His fellow board members set out to convince Hartman to leave TOTAL to become CEO of GCHC. In January 2010, he agreed, and the former soldier with a MBA in health care management assumed his new duties.
Hartman was brought in to stop the bleeding, an unfortunate metaphor for a health care facility, but it applied to this situation.
“What we had to do internally is recognize the fact we were a business and that we had to operate under solid business principals,” said Hartman, who immediately set to work to reinvent a clinic with faded walls, dangling window treatments and the occasional hole in the sagging floor. Patients sat for hours, and the staff ranged from disorganized to disinterested with training and medical uniforms in short supply.
“I had to start with basic infrastructure – painting walls, buying new furniture, fixing the building,” he said. “We put money into employees – hiring more staff and training staff to be responsive to patient needs.”
The change came not a moment too soon. Hartman had to confront the reality that Gulf Coast had become what he described as a “clinic of last resort” for people with few health care options.
“You’d make sure you’re here at 6:30 in the morning and don’t plan on leaving until 3 or 4 o’clock in the afternoon – we did away with that,” he said. “We took down the barriers to health care. We made a pact that we would try to get people appointments as soon as possible, and when they come in, we get them in and out the door in a reasonable amount of time.”
One constant throughout this process has been the performance of GCHC physicians.
“None of our doctors have ever had any kinds of issues at all. Dr. Annette Okpeki, for example, has been here for eight years – she came here right out of residency. Dr. Patricia Patterson has been a practicing pediatrician in the Port Arthur area for 30 years – she merged her practice with us. Dr. Mary Pastor, a family practice physician, has been with Gulf Coast for eight years so she has a lot of experience,” Hartman said, describing perhaps GCHC’s greatest assets when he arrived.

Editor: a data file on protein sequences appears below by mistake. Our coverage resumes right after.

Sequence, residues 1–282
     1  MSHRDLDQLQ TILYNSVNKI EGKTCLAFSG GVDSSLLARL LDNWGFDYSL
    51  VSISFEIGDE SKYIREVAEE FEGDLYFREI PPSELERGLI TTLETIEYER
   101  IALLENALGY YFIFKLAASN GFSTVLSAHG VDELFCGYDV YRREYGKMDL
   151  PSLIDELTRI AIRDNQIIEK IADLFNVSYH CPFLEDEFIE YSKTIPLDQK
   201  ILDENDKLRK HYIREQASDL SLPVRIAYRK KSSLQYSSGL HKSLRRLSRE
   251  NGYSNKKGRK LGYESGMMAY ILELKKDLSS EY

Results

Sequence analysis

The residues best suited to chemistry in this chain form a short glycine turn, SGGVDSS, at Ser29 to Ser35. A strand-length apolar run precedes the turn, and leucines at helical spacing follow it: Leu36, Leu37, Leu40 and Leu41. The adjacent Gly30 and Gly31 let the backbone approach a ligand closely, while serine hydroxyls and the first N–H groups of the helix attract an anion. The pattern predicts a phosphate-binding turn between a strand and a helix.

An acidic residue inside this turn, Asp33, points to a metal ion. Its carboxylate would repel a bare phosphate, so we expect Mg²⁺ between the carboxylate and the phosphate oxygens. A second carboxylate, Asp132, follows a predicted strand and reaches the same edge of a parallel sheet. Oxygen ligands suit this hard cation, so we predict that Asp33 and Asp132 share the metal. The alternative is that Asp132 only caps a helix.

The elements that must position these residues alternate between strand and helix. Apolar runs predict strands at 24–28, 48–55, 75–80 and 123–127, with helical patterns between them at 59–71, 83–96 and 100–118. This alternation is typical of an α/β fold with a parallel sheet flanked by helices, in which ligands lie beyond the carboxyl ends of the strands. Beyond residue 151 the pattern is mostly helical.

“The service they can provide is only as good as the infrastructure to provide it in,” he observed. “If you’re limiting their practice to one or two exam rooms and you give them one assistant — these guys still have a heart for medicine but they can’t give that quality service without the infrastructure.”
In the course of a year, there has been a remarkable transformation, albeit one that definitely remains a work in progress. The walls have been painted, new carpet laid and the dingy, old furniture consigned to the dustbins of history. Bright artwork adorns the walls, including a number of paintings by Herb and Cindy Kreutzer of Kizmet Studios in Groves.
Patients sit in discrete waiting areas, depending on which practice they need to see. Their numbers at any one time have dwindled because the new appointment system has imposed order where chaos once reigned. Plant workers in Nomex suits sit alongside other men and women, with most youngsters in waiting rooms designated for sick and well children.